A war child

It is perhaps worth remembering that men who share America’s libertarian instincts have been in charge of the EU before. Indeed, the Union had classical liberal beginnings, as even its biggest detractors readily admit. It was a post-World War II attempt at stopping government interference in the lives of Europeans. The machinery is still in place.

The past two centuries have belonged to the nation-state and the last century increasingly to its corollary, the welfare state. Napoleon’s armies provided the initial impetus for the creation of two large unified countries out of the scores of principalities, duchies, bishoprics, and republics that straddled the Continent between the Mediterranean and Scandinavia. The spread of the Industrial Revolution through Europe strengthened that process, both by making the case for economies of scale and by requiring government intervention to cope with the dislocations and turbulence of rapid industrialization. Later still, major wars had the same effect.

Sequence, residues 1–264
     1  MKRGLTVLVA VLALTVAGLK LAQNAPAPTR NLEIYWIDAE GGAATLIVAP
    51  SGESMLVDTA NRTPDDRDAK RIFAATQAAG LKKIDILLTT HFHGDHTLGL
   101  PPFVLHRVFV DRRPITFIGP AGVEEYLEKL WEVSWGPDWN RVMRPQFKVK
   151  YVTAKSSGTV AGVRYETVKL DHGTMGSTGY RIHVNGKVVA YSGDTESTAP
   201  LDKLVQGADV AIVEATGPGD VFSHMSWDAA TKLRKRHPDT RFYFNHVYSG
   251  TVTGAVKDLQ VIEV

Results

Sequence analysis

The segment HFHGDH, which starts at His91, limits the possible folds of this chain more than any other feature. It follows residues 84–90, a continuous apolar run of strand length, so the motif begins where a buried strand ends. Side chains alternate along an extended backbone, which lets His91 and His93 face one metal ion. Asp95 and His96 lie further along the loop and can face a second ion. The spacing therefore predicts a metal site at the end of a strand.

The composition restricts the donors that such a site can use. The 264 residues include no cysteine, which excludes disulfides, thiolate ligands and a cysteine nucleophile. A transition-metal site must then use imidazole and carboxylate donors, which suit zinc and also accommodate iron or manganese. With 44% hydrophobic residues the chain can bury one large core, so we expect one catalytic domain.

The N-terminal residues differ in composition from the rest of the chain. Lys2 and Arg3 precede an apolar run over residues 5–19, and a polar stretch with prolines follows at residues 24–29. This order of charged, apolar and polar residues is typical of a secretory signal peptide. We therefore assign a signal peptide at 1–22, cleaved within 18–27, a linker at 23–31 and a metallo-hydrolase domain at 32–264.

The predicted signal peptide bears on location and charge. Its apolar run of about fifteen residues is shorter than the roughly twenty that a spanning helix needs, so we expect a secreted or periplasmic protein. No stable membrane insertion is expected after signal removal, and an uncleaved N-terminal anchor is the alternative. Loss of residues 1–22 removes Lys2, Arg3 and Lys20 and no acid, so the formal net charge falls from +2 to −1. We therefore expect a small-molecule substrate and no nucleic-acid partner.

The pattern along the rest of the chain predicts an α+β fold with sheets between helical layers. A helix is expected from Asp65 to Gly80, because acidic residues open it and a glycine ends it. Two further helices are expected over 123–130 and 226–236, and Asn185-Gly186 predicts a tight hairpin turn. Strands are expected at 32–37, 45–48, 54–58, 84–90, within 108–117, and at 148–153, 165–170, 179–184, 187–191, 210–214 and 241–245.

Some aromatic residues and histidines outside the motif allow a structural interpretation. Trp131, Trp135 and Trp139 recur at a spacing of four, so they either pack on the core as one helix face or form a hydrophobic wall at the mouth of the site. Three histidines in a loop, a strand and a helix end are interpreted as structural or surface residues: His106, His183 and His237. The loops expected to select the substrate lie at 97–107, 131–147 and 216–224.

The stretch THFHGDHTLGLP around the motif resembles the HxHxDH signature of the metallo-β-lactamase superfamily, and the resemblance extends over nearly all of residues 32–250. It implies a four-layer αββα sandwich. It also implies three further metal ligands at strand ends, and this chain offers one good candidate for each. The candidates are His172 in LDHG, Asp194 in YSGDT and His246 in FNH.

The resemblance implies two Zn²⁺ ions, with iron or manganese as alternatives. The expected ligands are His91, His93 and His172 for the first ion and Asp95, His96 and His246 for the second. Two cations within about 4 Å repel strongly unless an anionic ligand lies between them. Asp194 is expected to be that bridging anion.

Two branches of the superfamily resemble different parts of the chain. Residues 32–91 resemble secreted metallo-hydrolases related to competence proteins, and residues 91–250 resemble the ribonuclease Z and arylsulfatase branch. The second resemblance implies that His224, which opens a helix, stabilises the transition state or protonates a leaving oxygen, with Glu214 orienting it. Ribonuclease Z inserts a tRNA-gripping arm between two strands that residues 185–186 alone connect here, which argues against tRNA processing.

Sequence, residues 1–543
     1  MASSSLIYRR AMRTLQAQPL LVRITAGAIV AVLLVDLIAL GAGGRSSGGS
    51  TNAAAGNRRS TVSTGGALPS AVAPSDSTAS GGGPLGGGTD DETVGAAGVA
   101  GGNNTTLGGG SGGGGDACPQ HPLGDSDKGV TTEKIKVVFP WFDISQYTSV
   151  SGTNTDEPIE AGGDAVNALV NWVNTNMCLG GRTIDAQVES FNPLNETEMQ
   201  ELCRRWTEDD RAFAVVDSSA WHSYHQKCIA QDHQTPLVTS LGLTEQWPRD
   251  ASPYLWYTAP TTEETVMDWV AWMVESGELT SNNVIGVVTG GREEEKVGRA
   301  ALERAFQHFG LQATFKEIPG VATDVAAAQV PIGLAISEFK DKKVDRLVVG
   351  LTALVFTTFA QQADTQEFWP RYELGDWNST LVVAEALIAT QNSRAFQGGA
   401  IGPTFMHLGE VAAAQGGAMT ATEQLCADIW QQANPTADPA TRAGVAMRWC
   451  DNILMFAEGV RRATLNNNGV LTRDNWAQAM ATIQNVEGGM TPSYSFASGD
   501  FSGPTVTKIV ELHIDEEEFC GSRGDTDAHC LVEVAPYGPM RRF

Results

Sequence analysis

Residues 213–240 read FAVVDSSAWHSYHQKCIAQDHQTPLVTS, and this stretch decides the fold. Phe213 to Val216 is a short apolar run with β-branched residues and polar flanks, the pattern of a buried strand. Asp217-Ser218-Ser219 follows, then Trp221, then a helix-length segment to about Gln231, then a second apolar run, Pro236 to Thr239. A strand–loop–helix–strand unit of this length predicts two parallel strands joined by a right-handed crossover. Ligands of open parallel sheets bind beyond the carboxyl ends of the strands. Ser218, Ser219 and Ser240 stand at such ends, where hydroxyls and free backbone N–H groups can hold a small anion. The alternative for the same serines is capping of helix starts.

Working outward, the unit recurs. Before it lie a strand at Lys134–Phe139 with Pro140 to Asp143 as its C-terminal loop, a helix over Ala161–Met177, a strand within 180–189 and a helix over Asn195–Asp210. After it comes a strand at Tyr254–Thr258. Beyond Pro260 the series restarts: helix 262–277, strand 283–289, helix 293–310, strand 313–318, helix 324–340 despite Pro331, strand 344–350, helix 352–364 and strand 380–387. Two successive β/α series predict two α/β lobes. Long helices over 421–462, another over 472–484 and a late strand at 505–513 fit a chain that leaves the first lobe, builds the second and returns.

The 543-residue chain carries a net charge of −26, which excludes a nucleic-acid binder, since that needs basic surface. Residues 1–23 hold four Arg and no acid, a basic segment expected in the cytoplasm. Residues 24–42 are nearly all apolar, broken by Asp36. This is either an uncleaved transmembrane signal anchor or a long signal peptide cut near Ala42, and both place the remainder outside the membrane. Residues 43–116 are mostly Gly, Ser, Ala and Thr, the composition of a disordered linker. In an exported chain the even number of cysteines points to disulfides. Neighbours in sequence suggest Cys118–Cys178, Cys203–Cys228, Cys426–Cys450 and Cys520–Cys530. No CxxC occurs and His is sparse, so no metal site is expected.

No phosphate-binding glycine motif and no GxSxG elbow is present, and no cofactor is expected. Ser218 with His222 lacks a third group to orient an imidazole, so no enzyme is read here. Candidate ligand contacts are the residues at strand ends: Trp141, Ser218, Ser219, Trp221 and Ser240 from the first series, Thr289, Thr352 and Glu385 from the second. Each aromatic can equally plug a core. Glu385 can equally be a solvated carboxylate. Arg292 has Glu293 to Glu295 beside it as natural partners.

The last one caused such devastation that the survivors realized something radical had to be done. The EU’s founding fathers and early supporters, men like the Franco-Luxembourgeois Robert Schuman and the Rhinelander Konrad Adanauer, had witnessed the worst ravages of state power, and what they wanted most was to master it. Churchill, no socialist he, spoke of the need for “a kind of United States of Europe.” These statesmen sought a lasting reconciliation between Germany and France, yes, but they had other things in mind as well. As even the europhobic Belgian writer Paul Belien recognized in a Centre for the New Europe pamphlet: